Posterior Implant Device

As indicated above and with reference to FIG. 3, the second component of the functional spinal unit stabilization system 100, or the posterior implant device 104, may be configured in concert with the anterior implant device 102, as well as to address a particular pathology presented by the functional spinal unit 50 in question. In general terms, the posterior implant device 104 can primarily serve to restrict or control motion of the functional spinal unit 50, akin to a ligament, while not significantly altering the translation of columnar loads across the functional spinal unit 50. In other words, the posterior implant device 104 restores function and provides stabilization of the posterior joint complex 56, but does not, upon implant, produce or generate an overt shift in functional spinal unit columnar loads to the posterior region 54 by allowing at least some compression of the posterior region 54 to occur in the presence of columnar loads normally experienced by the functional spinal unit 50.

The above constraints give rise to a number of differing configurations for the posterior implant device 104 within the scope of the present disclosure. In some embodiments, the posterior implant device 104 is adapted to effectuate re-tensioning of the posterior ligamentous structure(s) (not shown) in a manner that may or may not be augmented with a tissue in-growth scaffold. More particularly, the posterior implant device 104 can be one or more components that augment (e.g., support or retains) the posterior ligamentous structure(s) following re-tensioning. For example, the supraspinous ligament of the patient is partially or fully removed from at least one spinous process. The ligament is then stretched and/or a section of the ligament is removed, followed by reattachment of the ligament to the spinous process with the posterior implant device 104 (e.g., clamp(s), staple(s), suture, scaffold, and/or anchor(s)), thereby creating a re-tensioning in the ligament while maintaining physiologic segment alignment. The re-tensioning stabilizes the spine segment in question, whereas the posterior implant device 104 augments strength until healing occurs. Further, segment motion stability is provided while promoting continued natural load transfer through the posterior joint complex 34. As a point of reference, the re-tensioned ligament provides the primary limit or control over motion of the posterior joint complex 34, such that in some embodiments, the posterior implant device 104 is more accurately characterized as the naturally occurring ligamentous structure(s) of the posterior joint complex 34, in contrast to a conventional implantable device. That is to say, in some embodiments, the system of the present disclosure consists of the anterior implant device 102 as described above in combination with re-tensioning of one or more ligaments of the posterior joint complex 34.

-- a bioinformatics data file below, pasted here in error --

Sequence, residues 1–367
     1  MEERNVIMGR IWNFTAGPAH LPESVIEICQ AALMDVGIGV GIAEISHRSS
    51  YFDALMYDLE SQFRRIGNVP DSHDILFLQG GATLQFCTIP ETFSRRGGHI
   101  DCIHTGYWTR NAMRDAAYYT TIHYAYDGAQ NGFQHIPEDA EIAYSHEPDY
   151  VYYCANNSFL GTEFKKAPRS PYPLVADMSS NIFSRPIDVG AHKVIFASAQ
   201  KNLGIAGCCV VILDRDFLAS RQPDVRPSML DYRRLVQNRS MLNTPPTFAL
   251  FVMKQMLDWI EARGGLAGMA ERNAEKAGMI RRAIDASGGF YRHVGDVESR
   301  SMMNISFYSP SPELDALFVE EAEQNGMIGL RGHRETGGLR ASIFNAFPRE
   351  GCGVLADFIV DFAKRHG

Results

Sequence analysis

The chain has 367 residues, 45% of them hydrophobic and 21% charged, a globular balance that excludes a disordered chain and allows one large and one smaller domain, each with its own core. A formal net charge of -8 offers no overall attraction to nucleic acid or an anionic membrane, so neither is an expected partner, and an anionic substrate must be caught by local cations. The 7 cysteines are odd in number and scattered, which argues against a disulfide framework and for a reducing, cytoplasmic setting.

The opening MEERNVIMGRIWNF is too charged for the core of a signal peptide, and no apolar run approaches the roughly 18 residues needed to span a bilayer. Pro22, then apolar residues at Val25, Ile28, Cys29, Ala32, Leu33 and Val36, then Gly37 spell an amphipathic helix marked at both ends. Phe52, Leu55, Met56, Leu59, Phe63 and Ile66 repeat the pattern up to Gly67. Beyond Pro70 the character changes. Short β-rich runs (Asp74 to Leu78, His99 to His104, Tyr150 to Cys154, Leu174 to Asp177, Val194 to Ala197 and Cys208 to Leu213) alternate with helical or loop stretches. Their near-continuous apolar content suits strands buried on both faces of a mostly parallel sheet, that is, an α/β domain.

To augment the strength of the re-tensioned ligament during the healing process, the posterior implant device 104 can further include a structural member with tissue in-growth characteristics. For example, a scaffolding comprised of an appropriate material, such as Artelon® from Artimplant AB of Sweden, can be implanted in close proximity to the re-tensioned ligament. Alternatively, the scaffold can assume a variety of other tissue in-growth forms such as woven, braided, and/or embroidered materials.

In other, related embodiments, the supraspinous ligament is sectioned along its longitudinal length (cephaled-caudal) and the posterior implant device 104 is placed between the ligament sections, causing the ligament to move laterally (i.e., away from mid-line) to create the re-tensioning effect. Even further, an artificial and/or cadeveric ligament can be used as the posterior implant device 104, attached to the posterior vertebrae 10 a, 10 b in a partially stretched configuration. In yet other embodiments, the ligament re-tensioning techniques described above can be useful, standalone treatments, such that an anterior implant device is not required.